Wreath Making – A Reflection

Standing, shivering in the Community Market Garden on a chilly December morning is both a reminder of how beautiful nature can be once the frosts start building and a stark reminder of the reality of what being homeless must be like through the coldest months of the year.  A shirt, cardigan and coat are no match for the early morning wind chill and the dampness of the air but, on a day like this, they are luxuries for which I am undoubtedly grateful.

As of the first of the month, New Hope has partnered with the council and local churches to ensure that there are beds available during these difficult times to give safety, warmth and some hot food and drink for those facing a night outside. A camp bed and a sleeping bag may not sound like much but the alternative is far worse to both the mental and physical health of anyone caught outside.

Back to the garden… and to the purpose of this post…

Today was wreath making day, one of two courses where residents from all of New Hope’s accommodations (and those in contact with our Tenancy Sustainment Team) could come and learn to make their own Christmas wreath.

I’ve never made a wreath before – it’s just a circle of…I’m going to say wire…maybe, with bits of holly and branches and ribbons twisted into it. I was half right. Wire is important.

The first task undertaken by myself and the other participants was to find the right kind of branches on one of the enormous, deep green trees of holly found toward the rear of the garden. Ian, our garden supervisor, explained the importance of the right width of branch and the kind of flexibility we should be seeking before handing us secateurs. I chose badly, the other participants did not. Once back in the warmth of the workshop we set about creating our frame of holly by creating a triangle of three branches and loosely winding the joins with wire. Mine broke and had to be hastily coaxed back into position with additional wire and an awful lot of hope.

The garden workshop is a consistently vibrant and busy environment – it’s the home of many sessions, both creative and wellbeing; a meeting place for staff, volunteers and visitors; a space where a free choice of activities can be undertaken by New Hope residents; and it is, of course, the home of the all-important tea and coffee (and, consequently, conversation). While many were involved in the handcrafting of wreaths, some visitors were hard at work on other projects, in this case, building a structure to protect the newly planted fruit crops from the garden’s other inhabitants, and the whittling of an impressive ‘man of the forest’.

The second stage of wreath construction involves wrapping areas of the holly in additional wire for the cross-purpose of 1: giving the structure additional strength, 2: providing loose loops into which additional greenery can be hooked, and 3: (specifically so in my case) making the wreath actually round. This is a tricky business involving repeatedly getting spiked by holly while laughing along with everyone else also repeatedly getting spiked by holly. Once done however the whole group had what were genuinely beginning to look like wreaths.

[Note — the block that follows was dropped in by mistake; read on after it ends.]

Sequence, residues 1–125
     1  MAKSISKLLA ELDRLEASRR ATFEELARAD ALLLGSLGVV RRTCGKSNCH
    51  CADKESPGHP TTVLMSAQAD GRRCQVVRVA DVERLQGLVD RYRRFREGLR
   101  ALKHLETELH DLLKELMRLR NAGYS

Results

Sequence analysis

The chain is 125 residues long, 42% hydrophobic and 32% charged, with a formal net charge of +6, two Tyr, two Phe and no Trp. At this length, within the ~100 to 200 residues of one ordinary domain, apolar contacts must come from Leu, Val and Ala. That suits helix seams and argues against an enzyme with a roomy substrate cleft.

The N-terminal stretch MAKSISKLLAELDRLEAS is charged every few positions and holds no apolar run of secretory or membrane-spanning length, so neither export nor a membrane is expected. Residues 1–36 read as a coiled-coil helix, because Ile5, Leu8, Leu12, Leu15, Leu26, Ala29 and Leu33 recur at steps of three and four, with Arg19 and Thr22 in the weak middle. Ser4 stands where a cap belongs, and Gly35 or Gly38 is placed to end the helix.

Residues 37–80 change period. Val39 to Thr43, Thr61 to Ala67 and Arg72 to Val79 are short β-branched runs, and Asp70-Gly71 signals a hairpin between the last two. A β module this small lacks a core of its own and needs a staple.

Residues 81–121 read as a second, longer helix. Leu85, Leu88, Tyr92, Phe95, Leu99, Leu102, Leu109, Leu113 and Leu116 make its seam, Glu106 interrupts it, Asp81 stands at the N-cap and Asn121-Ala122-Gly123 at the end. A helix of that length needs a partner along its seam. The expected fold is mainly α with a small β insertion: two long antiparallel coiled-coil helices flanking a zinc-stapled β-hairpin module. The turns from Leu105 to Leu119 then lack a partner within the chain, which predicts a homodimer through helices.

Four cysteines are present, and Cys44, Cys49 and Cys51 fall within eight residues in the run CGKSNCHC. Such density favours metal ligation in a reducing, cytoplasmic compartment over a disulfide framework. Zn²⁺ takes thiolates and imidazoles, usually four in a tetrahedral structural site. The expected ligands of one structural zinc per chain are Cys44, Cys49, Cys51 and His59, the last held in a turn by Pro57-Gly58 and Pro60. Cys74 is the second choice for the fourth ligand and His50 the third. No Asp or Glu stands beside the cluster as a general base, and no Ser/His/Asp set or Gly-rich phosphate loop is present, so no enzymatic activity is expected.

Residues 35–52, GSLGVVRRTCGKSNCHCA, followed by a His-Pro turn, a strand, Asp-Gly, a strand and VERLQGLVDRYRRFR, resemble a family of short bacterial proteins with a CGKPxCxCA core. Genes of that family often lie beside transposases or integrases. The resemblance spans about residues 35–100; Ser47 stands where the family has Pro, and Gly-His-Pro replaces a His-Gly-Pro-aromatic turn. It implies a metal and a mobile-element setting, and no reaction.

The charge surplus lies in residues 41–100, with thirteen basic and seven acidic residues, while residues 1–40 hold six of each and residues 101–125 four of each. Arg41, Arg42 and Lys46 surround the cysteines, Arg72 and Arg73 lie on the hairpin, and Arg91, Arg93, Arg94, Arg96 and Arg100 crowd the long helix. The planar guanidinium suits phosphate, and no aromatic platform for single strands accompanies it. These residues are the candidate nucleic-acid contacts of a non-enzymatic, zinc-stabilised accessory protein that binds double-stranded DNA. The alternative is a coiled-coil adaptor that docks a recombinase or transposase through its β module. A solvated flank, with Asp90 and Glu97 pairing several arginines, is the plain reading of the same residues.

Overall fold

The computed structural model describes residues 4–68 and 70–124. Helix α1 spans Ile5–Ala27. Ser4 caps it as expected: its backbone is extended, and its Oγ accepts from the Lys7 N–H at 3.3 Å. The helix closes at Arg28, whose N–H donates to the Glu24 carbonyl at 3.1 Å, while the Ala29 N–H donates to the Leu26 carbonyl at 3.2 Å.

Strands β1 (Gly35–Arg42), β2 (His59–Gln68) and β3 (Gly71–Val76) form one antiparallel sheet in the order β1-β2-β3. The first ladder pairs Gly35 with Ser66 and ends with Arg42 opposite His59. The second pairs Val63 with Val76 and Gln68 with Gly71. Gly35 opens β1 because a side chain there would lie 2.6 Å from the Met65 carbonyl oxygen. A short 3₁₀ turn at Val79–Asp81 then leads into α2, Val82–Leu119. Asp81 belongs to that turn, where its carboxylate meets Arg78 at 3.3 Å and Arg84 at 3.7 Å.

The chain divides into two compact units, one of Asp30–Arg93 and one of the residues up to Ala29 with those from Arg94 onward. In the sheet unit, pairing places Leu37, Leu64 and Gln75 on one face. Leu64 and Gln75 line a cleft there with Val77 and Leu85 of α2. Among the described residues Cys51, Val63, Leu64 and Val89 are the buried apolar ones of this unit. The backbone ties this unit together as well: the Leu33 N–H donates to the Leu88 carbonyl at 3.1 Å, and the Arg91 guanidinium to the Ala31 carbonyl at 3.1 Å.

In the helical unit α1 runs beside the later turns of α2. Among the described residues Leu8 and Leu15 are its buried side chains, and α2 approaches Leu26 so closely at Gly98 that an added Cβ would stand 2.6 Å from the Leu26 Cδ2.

Finally, and obviously the best part, is fleshing out the rings of spiky but very festive holly in whatever way we fancy. A variety of other greenery is then slotted into place with groups of red berries providing bursts of contrast between fronds of fir and loops of ivy.

Most of these wreaths will be placed of the doors of New Hope accommodations (one can be clearly seen to anyone passing the front of New Hope House), or on the doors of the flats in the Sanctuary. One would be returning to the independently rented flat of a visitor from our Tenancy Sustainment Team. That is what courses like this are about in my opinion – providing an opportunity to learn something new, or important, or transferrable, but also creating something to be proud of and that will improve the day of someone else and to bring a little extra brightness to New Hope House, or the Sanctuary, or elsewhere – to the places which are our homes.

The morning sessions in the workshop ended with an impromptu jamming session between a New Hope resident with a guitar and the garden supervisor on djembe drums to the backdrop of wooden walls, brightly coloured art and a gentle heat from the embers in the log burner.

The garden is easy enough to describe visually but it’s not so easy to capture the way it feels so, for me, it is like a having a better day (vague, I know, but I always feel better, more relaxed, and ready for the rest of the day when I leave).  I cannot speak for anyone else but I hope, really hope, that I am not alone in that. Maybe the next time there is an open day, see if you can head down and see for yourself.

Joe – Fundraising Team

NewsJoe MeehanNews